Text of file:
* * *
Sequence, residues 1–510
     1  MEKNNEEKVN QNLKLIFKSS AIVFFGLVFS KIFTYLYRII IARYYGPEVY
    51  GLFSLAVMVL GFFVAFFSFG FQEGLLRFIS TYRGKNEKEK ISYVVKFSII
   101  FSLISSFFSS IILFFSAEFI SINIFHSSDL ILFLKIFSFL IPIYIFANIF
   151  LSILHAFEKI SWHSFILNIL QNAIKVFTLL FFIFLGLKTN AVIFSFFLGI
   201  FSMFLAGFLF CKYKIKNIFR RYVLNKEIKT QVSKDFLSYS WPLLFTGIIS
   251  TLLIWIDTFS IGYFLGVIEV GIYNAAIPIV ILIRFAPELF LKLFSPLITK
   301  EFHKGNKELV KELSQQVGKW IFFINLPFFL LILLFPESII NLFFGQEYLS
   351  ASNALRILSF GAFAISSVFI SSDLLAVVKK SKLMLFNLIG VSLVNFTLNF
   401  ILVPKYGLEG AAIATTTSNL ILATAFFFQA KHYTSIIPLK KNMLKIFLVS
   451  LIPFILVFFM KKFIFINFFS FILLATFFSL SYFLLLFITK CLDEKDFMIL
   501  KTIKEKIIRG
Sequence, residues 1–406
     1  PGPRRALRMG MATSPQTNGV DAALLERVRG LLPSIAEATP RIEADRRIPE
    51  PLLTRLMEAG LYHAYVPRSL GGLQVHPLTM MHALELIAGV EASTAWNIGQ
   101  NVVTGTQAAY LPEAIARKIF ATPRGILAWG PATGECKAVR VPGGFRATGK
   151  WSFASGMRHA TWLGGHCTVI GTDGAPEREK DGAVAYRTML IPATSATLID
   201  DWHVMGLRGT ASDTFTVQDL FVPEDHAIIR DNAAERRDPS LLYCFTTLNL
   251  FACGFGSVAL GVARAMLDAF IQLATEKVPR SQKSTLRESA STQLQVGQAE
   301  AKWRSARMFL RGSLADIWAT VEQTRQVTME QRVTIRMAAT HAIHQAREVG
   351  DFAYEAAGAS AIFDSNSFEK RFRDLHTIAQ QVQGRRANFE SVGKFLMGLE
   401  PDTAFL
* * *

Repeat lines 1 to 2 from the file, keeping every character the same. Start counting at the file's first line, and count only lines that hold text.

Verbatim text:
Sequence, residues 1–510
     1  MEKNNEEKVN QNLKLIFKSS AIVFFGLVFS KIFTYLYRII IARYYGPEVY